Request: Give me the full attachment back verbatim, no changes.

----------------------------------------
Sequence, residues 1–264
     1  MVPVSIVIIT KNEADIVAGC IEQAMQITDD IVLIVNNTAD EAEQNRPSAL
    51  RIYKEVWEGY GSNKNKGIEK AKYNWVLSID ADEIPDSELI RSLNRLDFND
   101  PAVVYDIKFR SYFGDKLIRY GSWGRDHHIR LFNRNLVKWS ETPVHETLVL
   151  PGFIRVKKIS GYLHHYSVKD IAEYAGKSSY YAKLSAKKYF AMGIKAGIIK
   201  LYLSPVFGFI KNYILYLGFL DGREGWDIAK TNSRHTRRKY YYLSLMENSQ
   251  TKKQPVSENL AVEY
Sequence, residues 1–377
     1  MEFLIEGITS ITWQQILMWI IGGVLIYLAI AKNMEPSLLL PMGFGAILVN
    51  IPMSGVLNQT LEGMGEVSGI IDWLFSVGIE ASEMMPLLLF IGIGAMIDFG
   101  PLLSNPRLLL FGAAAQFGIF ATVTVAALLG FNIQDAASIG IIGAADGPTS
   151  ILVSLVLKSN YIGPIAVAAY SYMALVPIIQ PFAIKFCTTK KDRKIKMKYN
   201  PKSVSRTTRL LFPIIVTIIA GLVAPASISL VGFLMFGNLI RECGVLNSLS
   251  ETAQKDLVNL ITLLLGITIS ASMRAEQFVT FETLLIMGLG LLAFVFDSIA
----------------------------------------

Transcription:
Sequence, residues 1–264
     1  MVPVSIVIIT KNEADIVAGC IEQAMQITDD IVLIVNNTAD EAEQNRPSAL
    51  RIYKEVWEGY GSNKNKGIEK AKYNWVLSID ADEIPDSELI RSLNRLDFND
   101  PAVVYDIKFR SYFGDKLIRY GSWGRDHHIR LFNRNLVKWS ETPVHETLVL
   151  PGFIRVKKIS GYLHHYSVKD IAEYAGKSSY YAKLSAKKYF AMGIKAGIIK
   201  LYLSPVFGFI KNYILYLGFL DGREGWDIAK TNSRHTRRKY YYLSLMENSQ
   251  TKKQPVSENL AVEY
Sequence, residues 1–377
     1  MEFLIEGITS ITWQQILMWI IGGVLIYLAI AKNMEPSLLL PMGFGAILVN
    51  IPMSGVLNQT LEGMGEVSGI IDWLFSVGIE ASEMMPLLLF IGIGAMIDFG
   101  PLLSNPRLLL FGAAAQFGIF ATVTVAALLG FNIQDAASIG IIGAADGPTS
   151  ILVSLVLKSN YIGPIAVAAY SYMALVPIIQ PFAIKFCTTK KDRKIKMKYN
   201  PKSVSRTTRL LFPIIVTIIA GLVAPASISL VGFLMFGNLI RECGVLNSLS
   251  ETAQKDLVNL ITLLLGITIS ASMRAEQFVT FETLLIMGLG LLAFVFDSIA